Di sicuro,” she said. Of course. “Malocchio is a powerful thing. You know how people want to find something to blame when things are not good. Giuseppe had bad luck after he returned to America. His brother lost his leg in a car accident, his father had a heart attack, and his sister’s baby died right after it was born. Giuseppe decided all these things happened because of the curse. For a long time he didn’t have the money to go back to Italy, but a few years ago, after more and more bad luck for him and his family, he flew to Italy to look for my mother. Nona had already moved to Udine, but he found Maria Santo still in our village. Because he wore a nice suit and gave her some cash, Maria Santo told him where my mother lived. He went to Udine to beg her to call off the curse.”

“Did Nona remember him?”

“She said she knew him right away. He got on his knees and begged her for forgiveness. He brought her candy from the nicest store in Udine and a beautiful shawl from California.”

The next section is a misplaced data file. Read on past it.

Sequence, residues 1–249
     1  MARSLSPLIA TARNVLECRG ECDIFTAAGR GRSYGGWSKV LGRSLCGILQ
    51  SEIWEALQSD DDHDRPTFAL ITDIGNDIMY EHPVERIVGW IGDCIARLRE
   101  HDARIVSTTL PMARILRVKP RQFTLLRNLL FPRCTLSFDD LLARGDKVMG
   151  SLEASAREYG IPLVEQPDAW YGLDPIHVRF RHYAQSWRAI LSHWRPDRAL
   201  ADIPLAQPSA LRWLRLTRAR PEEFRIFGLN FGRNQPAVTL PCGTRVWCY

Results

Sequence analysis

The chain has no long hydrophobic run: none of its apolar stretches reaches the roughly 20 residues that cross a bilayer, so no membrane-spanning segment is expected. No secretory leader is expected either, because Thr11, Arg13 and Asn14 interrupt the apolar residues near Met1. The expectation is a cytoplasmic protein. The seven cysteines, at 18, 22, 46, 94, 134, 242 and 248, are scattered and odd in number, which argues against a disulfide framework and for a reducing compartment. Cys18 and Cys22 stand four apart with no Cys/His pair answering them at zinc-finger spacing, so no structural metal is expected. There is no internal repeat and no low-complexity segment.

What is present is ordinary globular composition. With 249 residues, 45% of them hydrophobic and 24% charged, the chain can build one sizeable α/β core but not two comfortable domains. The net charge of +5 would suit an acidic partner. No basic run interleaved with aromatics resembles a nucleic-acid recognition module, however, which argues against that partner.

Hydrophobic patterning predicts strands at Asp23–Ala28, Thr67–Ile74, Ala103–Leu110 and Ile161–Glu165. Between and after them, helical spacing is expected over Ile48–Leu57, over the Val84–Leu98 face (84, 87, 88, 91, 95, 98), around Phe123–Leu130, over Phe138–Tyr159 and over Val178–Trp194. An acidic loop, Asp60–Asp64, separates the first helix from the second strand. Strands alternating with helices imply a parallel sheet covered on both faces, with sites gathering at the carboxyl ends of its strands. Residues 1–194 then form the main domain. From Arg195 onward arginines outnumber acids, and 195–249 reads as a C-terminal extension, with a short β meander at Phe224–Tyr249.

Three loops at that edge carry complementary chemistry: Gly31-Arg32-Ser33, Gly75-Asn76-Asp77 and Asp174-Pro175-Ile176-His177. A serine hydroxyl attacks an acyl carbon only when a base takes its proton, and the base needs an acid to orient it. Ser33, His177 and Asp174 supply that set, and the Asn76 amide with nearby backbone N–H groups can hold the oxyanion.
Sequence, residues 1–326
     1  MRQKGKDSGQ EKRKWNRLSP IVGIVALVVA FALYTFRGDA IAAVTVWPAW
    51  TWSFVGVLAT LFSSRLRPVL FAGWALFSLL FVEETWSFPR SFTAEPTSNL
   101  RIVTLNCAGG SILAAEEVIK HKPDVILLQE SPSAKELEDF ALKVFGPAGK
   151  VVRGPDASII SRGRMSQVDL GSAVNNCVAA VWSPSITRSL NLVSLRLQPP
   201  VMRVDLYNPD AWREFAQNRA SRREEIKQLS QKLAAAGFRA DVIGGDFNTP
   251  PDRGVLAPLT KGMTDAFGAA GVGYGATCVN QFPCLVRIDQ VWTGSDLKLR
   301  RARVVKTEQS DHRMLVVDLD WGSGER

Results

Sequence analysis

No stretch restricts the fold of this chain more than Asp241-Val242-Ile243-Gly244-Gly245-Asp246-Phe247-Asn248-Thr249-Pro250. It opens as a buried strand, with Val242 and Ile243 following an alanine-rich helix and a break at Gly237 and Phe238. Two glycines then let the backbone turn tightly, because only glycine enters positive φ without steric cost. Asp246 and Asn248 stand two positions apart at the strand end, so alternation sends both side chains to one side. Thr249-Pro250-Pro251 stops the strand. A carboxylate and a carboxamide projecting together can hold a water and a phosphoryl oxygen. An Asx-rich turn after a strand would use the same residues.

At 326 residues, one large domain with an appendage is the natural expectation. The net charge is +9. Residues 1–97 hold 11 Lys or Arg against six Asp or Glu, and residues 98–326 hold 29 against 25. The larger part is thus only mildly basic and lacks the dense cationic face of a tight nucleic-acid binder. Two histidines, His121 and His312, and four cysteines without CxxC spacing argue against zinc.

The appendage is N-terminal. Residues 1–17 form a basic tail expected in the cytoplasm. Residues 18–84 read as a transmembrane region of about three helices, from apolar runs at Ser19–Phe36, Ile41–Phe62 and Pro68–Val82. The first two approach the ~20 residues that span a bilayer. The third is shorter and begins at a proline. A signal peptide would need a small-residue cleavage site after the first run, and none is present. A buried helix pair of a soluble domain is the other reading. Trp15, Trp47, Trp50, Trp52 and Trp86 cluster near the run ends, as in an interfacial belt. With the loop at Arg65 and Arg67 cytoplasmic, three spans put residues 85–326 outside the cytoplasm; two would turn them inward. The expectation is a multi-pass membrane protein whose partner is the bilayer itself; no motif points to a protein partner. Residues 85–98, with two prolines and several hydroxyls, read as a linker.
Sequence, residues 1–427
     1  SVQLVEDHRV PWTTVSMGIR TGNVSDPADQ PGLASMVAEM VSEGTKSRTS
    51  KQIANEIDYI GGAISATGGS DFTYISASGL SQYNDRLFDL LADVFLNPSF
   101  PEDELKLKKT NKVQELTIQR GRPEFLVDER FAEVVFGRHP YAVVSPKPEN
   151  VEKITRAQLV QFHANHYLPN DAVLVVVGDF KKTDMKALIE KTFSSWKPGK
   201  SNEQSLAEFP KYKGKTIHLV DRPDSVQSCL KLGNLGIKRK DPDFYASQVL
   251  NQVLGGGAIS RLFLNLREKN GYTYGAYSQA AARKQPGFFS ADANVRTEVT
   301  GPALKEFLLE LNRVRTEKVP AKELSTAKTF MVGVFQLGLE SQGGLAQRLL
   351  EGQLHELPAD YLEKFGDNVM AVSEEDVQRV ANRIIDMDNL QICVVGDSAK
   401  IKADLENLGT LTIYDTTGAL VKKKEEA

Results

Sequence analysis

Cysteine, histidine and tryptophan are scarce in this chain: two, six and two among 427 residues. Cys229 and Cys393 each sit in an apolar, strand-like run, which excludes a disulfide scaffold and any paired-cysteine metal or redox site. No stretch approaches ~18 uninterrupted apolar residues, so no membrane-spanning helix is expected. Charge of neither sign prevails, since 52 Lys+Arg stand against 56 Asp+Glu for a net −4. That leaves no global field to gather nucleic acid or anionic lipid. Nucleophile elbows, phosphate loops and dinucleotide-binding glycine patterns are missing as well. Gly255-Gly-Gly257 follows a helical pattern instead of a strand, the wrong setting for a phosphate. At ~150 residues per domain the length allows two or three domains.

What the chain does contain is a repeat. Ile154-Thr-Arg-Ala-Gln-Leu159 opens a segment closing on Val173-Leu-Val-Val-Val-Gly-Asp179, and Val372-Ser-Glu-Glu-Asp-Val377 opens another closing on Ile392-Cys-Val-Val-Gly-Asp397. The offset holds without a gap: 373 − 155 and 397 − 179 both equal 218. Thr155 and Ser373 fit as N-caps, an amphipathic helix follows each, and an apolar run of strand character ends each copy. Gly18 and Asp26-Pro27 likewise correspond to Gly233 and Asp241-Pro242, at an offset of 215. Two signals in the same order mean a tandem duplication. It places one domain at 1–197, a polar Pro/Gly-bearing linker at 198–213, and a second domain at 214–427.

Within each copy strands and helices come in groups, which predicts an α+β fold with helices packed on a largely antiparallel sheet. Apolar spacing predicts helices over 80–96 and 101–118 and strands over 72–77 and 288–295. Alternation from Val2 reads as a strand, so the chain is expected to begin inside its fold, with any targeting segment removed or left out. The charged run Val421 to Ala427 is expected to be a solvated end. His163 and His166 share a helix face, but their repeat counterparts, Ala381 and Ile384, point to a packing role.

“That was pretty brave of him to go find Nona. That took some nerve.”

My Nona stood as tall as most men. I imagined her opening the door dressed in her usual black outfit with eyes as dark as her clothing. This was a woman who walked out of her front door and snapped a branch from a tree every day before she walked down her street. She claimed the branch served as a switch to keep the flies away, but in truth she wielded it like a weapon so no one would get in her way on the sidewalk. I hoped Giuseppe had been scared when she opened the door.

“Did she put a curse on his family, Mom?”

Forse sì, forse no,” she said. Maybe yes, maybe no. “But it doesn’t matter what is true – he thinks she put the curse. That’s enough.”

1980

“Mom,” I said. “I’ll never see Paul after he leaves. I just know it.”

“You can’t know that. It’s too soon in your life to know what will or will not be. Niente viene da niente. From nothing comes nothing. Today, you know nothing about tomorrow.”

The phone rang in the living room. My mother’s leg jumped a little, like she wanted to run and answer it.

“It’s probably Nadine,” I said.

“She always calls to say good night. Sometimes we fall asleep while talking.”